So, you need to take the GRE to get into grad school—but when should you begin studying? It depends on two factors: 1) your score gain goals and 2) how much time you have available.
#1 Score Gain Goals
Determine your baseline score (i.e., how you would score if you tested today). Take a practice test, either by downloading the free PowerPrep software from the ETS website or by checking out a recent GRE prep book from the library. Make sure you test under realistic conditions (complete all sections in order and time yourself) to gauge a realistic base score.
Then, determine your target score. Research score averages for your prospective programs, and pay special attention to scores for the section most relevant to your program. The highest score(s) for your school list should be your target score(s). Calculate the difference between your current score(s) and your target score(s). For verbal and quantitative reasoning sections, you should typically dedicate at least 2 hours of studying to each point increase you want to see. For the notoriously difficult analytical writing section, commit a minimum of 4 hours to each desired score increase of .5. Treat these numbers as guidelines, though; your time commitment may vary drastically depending on your focus, natural ability, and learning speed.
#2 Time Available Until Test Day
If you must take the test next week to meet deadlines, you should begin ASAP, of course—but cramming isn’t ideal. Information won’t “stick” and you won’t feel well prepared. If possible, begin well in advance. If you give yourself six months, you can plan more liberally and balance studying with other priorities. Consider how much time you have available (both until test day and daily) and create a schedule that accommodates your studying regime in addition to your other commitments.
Our Example Student, Bob
Say Bob takes a practice test and scores 156 on verbal, 160 on quantitative, and 3 on analytical writing. Let’s say he wants to enroll in UC Berkeley’s competitive Cognition Ph.D. program. Upon searching the program website, he finds that average scores for the 2016 cohort were 170 for verbal, 168 for quantitative reasoning, and 5.0 for analytical writing. He would need a 15-point increase on verbal, an 8-point increase on quantitative, and a 2-point increase on the writing section to become a strong contender for admission, and accordingly, he would commit at least 28, 16, and 16 hours of studying for each section, respectively—about 60 hours total. Now, if he begins studying 6 months before the test date, he can study for 10 hours a month, or about 2.5 hours/week—or, specifically, 30 minutes every weekday if he prefers his weekends to be free. If he began studying a month beforehand, he’d study for 15 hours a week, or 3 hours each weekday.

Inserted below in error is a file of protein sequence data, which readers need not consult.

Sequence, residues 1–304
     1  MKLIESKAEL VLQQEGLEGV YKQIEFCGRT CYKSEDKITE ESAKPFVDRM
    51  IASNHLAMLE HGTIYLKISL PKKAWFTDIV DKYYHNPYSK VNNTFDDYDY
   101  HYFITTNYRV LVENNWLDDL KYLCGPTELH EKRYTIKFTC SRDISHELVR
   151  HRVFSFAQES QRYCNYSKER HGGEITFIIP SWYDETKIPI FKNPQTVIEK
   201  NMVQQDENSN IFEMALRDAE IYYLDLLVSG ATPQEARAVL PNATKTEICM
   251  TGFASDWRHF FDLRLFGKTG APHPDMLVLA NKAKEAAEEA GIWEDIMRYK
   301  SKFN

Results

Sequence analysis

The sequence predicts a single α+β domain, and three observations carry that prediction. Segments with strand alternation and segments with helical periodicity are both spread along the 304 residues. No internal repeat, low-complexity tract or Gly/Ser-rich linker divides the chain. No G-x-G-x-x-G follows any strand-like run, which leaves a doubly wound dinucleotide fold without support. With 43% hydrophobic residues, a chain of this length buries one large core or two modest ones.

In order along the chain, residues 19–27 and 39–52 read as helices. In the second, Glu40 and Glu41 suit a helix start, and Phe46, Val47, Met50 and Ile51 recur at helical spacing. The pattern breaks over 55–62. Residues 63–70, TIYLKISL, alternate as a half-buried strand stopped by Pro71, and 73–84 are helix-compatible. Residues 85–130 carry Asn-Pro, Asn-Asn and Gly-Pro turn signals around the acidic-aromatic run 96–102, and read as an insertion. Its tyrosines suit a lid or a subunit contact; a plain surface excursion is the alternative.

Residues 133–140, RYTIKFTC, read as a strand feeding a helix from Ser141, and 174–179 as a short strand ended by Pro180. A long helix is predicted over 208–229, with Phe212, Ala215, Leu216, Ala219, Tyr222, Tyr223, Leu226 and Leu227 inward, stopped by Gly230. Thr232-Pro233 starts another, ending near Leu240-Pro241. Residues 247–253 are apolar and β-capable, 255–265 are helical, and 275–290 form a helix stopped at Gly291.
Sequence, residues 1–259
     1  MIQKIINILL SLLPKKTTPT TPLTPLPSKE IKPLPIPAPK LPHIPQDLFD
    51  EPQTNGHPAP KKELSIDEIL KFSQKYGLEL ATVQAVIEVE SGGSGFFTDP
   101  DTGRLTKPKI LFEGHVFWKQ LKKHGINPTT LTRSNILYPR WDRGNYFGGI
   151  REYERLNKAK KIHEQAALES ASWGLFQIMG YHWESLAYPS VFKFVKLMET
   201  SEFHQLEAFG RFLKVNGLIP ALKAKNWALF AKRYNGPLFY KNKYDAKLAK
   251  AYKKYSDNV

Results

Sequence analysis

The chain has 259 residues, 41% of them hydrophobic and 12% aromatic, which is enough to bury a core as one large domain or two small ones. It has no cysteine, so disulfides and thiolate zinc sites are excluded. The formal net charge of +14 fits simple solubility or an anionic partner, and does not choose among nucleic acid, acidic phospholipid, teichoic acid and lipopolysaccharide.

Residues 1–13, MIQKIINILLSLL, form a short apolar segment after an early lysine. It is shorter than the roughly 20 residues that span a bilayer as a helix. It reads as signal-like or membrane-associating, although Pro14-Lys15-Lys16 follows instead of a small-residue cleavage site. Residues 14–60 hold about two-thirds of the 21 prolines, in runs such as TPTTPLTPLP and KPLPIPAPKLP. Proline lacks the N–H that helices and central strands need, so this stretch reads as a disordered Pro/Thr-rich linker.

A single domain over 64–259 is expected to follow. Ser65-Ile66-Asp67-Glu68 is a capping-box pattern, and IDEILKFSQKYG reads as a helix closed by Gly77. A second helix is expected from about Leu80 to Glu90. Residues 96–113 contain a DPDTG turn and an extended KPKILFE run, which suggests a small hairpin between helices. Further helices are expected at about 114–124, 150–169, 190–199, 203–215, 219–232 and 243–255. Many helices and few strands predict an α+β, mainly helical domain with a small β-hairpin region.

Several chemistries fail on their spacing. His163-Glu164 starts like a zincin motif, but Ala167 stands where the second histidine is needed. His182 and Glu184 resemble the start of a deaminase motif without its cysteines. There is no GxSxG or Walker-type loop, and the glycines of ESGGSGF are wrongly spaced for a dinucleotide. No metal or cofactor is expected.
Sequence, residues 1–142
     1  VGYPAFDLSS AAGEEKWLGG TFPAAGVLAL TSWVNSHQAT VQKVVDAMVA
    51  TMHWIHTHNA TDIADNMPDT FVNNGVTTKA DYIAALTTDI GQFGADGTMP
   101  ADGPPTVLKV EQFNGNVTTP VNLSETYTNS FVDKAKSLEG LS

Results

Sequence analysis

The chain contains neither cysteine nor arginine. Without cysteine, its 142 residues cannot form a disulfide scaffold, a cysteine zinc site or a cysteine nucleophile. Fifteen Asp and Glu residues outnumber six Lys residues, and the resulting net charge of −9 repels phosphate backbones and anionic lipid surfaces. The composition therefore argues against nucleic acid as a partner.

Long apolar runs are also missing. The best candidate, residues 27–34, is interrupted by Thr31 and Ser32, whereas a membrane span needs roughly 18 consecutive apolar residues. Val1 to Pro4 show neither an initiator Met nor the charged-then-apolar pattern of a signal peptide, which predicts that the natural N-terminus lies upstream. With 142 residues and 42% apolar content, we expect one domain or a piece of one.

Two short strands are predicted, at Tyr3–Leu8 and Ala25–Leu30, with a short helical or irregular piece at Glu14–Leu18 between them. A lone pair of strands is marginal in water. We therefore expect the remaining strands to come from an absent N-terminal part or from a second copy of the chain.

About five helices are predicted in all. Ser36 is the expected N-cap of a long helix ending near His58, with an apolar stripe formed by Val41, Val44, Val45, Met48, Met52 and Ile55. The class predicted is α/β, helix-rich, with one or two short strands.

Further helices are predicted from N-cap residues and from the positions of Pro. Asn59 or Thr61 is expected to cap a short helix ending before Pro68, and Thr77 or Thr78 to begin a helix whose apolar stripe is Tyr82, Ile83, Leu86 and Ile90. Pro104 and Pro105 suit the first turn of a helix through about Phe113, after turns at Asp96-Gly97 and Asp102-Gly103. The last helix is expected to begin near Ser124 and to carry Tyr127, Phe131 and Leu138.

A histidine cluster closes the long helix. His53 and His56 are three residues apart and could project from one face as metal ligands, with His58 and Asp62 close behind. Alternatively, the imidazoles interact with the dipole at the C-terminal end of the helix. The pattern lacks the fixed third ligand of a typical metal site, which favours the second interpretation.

When portioning studying time, account for time blocks already dedicated to other obligations such as school and work. If you can only study on weekends because of your work schedule, for example, you may even need more than 6 months, but if your days are almost completely free, you may need fewer.
As you can already see, the more time you have, the better you can split up that time to prepare effectively. With 30 minutes of studying a day, you still have plenty of time for school, work, socializing, and other priorities—as well as much-needed sleep. The closer to test day you begin studying, the more these other priorities may be compromised or even suffer. The moral: If you need to see drastic score increases and/or have several other time commitments, begin studying well ahead of test day; if your desired increases are minor and/or you have more time available, you can afford to begin studying later.
Generally speaking, beginning preparation early is the safest bet. If you have time to spare at the end of your studying regime, you can (and should) take more practice tests, complete more exercises, and practice more GRE vocabulary until test day. Spare time will also give you a buffer in case your studying hasn’t led to the desired score increases or you need to retake the test. Because computer-delivered GRE score reports can take 15 business days to reach your schools and you can only retest once every 21 days, you should allow plenty of time before your application deadline to retest in case of a poor test day or unexpected results.
GRE scores can be a crucial element of school applications—even as an initial cutoff tool for certain admission committees. By investing time and effort into outstanding scores, you can stand out among the competition and get one step closer to your dream program!
Pro-tip: We recommend you start studying with Ready4 GRE today!